Epidemiology of Religion

How religious belief mimics viral interference

Viruses don’t tend to co-infect. Viral interference is a process where the earlier virus triggers interferon, effectively blocking other viruses from gaining traction or even attempting cellular infection—so they wait.

With Covid-19 we have had virtually no flu season primarily due to interferon “interfering” with the flu virus ability to infect the already sick host. Somehow they communicate, for even viruses that enter through other receptors are effectively blocked by the primary infection.

Enter religion

Where are all the new religion start ups? Can we form a more coherent ideology while Christianity’s interferon is present? Humans are linear thinkers—one line of thought at a time. It isn’t hard to wonder how easily manipulated entire societies can be, once a doctrine or dogma stakes its claim.

It took the Greek gods about 900 years to finally die off after Christianity posted and enforced its beliefs. While this psychological interferon holds more logical approaches to cosmology and ontology at bay, all one can do is wait it out. It takes about three weeks of solitude to recognize the game that is being played for what it is. Since there is very little solitude and no natural quiet left in the world, we may be stuck with this til the bitter end.

Whatever the case, I find it interesting that humans and viral behaviors are so similar. We each carry about 6trillion viruses in our bodies. Makes me wonder who’s in really in charge here.

Finally started the flooring.

Author: jim-

One minute info blogs breaking the faith trap.

86 thoughts on “Epidemiology of Religion”

  1. “While this psychological interferon holds more logical approaches to cosmology and ontology at bay, all one can do is wait it out.”

    Not sure that Christianity has much to do with cosmology. Ontology is at least getting somewhat warmer as sort of a back drop to morality. But Christianity mostly has to do with morality and how we should live. I am not sure which alternative moral approaches are more “logical.”

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      1. And so my hope is the person of Christ- I center my life on HIM, and nothing else. (Of course amidst distractions!)
        To me, all those Christian commandments and creeds must filter through him. ‘Walk in the light, as he is.’
        Jesus said, “Come unto me.. become as little children.” Child-like faith sees only him. (Think Peter, when he saw the wind and waves.)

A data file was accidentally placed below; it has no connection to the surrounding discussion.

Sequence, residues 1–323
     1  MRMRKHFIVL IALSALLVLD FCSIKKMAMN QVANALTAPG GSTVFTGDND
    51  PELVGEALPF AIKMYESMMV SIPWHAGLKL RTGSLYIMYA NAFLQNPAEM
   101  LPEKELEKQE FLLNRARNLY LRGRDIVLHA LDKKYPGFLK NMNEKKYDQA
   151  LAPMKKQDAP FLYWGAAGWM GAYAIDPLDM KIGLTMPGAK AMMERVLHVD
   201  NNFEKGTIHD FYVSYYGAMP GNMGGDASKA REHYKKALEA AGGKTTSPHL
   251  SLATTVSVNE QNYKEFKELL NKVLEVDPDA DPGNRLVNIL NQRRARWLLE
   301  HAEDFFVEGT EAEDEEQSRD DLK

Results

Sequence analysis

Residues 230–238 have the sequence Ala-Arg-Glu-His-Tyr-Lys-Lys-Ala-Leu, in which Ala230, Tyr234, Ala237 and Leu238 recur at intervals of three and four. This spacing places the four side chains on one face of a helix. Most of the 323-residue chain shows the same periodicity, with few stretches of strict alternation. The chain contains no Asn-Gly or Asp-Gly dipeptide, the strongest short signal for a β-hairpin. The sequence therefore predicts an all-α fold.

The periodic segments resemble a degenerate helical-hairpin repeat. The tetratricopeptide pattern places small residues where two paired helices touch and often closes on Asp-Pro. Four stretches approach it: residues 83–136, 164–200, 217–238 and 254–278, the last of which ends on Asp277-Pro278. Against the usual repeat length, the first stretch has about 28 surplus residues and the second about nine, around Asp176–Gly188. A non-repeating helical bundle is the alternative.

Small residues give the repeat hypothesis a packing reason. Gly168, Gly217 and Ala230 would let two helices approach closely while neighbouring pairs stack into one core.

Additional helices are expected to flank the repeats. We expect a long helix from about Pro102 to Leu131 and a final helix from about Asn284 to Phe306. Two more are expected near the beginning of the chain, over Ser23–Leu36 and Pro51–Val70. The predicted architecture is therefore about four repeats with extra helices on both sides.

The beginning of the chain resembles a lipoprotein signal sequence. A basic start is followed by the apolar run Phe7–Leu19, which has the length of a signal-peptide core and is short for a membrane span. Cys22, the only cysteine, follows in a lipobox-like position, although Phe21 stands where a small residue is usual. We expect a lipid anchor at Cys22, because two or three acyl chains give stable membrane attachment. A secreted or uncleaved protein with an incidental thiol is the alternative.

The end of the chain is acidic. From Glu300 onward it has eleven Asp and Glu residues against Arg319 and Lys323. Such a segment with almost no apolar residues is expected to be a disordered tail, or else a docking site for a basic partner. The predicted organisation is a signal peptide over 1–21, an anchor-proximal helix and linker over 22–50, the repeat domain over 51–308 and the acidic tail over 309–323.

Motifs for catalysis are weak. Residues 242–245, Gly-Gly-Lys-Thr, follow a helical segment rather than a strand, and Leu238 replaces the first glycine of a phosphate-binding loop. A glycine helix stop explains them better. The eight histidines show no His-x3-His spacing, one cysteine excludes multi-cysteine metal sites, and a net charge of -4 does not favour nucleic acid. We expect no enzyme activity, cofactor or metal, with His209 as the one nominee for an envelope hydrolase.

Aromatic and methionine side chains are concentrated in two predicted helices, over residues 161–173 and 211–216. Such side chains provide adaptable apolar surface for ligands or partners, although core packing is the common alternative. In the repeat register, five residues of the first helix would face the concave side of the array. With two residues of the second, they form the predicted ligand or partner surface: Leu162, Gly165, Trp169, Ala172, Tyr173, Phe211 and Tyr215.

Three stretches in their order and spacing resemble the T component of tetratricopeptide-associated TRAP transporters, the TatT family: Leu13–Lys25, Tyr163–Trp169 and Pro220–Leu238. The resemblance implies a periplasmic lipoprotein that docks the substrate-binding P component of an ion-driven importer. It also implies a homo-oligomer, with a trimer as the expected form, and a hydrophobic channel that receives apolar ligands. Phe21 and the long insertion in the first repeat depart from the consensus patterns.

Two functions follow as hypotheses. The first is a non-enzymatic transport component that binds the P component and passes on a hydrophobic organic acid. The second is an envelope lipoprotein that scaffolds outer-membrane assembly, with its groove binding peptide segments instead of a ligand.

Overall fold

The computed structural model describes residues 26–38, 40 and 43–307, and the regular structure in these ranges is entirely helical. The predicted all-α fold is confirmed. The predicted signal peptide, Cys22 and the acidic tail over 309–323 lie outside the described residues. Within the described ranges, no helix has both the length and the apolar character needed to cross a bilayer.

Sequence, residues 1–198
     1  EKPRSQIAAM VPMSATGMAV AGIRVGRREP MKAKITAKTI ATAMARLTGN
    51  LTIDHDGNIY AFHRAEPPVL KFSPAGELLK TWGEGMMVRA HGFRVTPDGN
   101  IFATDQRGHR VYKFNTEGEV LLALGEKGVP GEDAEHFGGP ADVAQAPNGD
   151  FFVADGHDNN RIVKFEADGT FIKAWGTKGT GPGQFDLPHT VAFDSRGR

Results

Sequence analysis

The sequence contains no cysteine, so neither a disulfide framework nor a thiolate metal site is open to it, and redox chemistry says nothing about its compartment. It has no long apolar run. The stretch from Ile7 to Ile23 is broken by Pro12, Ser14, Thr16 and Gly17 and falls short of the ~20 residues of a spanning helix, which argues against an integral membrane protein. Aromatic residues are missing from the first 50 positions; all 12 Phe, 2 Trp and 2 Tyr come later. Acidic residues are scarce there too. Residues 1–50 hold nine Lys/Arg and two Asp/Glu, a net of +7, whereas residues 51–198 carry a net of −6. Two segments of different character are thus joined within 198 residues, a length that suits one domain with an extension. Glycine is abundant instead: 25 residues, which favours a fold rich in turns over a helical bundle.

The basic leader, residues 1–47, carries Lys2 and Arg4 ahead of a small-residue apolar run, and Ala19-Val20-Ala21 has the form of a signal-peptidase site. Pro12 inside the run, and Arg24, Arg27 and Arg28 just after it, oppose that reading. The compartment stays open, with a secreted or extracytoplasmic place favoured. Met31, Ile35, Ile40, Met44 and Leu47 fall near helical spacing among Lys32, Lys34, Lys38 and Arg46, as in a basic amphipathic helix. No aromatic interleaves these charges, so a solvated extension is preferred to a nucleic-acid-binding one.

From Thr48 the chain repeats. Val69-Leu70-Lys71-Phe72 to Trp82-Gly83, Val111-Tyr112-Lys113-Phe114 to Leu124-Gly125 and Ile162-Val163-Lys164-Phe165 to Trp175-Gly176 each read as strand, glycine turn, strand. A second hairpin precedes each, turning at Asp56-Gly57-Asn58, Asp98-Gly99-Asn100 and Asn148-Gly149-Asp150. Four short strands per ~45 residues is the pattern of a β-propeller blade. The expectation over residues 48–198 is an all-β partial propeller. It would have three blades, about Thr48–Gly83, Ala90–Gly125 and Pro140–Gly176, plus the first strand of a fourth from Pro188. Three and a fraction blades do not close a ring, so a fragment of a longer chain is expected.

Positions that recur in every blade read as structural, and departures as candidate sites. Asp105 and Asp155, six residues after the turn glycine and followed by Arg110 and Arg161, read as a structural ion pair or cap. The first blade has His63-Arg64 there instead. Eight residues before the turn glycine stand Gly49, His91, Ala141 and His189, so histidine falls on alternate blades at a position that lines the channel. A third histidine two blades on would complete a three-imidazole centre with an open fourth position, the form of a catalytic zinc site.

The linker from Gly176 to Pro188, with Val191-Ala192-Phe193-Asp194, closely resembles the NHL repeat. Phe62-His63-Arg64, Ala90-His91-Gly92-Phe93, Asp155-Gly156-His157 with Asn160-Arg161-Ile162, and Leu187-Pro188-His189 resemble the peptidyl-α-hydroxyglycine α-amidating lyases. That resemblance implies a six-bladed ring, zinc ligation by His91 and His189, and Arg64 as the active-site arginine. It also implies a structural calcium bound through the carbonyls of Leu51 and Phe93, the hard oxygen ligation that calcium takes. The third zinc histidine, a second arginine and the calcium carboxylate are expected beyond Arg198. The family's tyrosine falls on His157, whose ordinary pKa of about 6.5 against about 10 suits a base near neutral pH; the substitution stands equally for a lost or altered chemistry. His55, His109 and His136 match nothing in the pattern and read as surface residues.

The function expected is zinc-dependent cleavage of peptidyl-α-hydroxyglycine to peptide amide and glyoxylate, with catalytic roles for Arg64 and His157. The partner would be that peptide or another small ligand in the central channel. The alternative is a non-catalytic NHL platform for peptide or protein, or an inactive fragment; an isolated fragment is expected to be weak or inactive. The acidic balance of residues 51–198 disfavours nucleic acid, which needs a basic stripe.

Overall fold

Sidenote: Your “Faith Trap” is an excellent piece of writing. Heavy stuff yet understandable. I think you’ve eloquently merged fact and emotion. You’ve described religious faith to a tee, and your own subsequent disillusionment.

        Liked by 1 person

            1. Then, according to Jesus, you cannot be his disciple — because giving up everything (see Luke 14: 33) is the cost of being a disciple.

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            2. But how does that resolve the conflict between your stated desire (to center your life on him, and nothing else) and actual practice (the pursuit of other interests)?

              Liked by 2 people

            3. Right, it’s a war! it’s easy being saved- Christ redeemed us all from sin etc, and we simply need agree. The hard part is giving up my right to myself: ‘You are not your own, you are bought with a price.’ He put his Spirit in me!

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            4. How can it be a war if you have the Spirit living within you? Didn’t Paul state that “You, however, are controlled not by the flesh, but by the Spirit, if the Spirit of God lives in you.” (Romans 8:9) and that those who walk in the Spirit will shun the desires of the flesh? (Galatians 5:16)?

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            5. Oh my. The nonsensical responses from believers … they DO have them honed and perfected.

              A “figure of speech” … ???!? Give me a break! To describe it as such gives support to nearly every word your “Leader” uttered.
              Wrestling against a spirit – the substance of which is invisible, so how … ???

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            6. Yet in the same chapter of Galatians Paul says the fruit of the Spirit is love, joy, peace, forbearance, kindness, goodness, faithfulness, gentleness and self-control.

              So something doesn’t add up. If you have the Spirit within you there should be no struggle.

              Liked by 3 people

            7. Jesus learned obedience by life experience (Heb 5:8). For example, the Spirit led him into the wilderness to struggle with the devil (Mat 4). In Christ, God lowered himself into our struggles.

              Liked by 1 person

            8. Jesus may have been tested, but did he really struggle? Because according to Matthew’s account, he firmly resisted every temptation and rebuked the devil saying “Away from me, Satan!”

              And returning to the question of discipleship, Luke 5 informs us that immediately after Jesus told Simon, James and John that they would become “fishers of men” they pulled their boats ashore and left everything behind to follow Jesus without hesitation.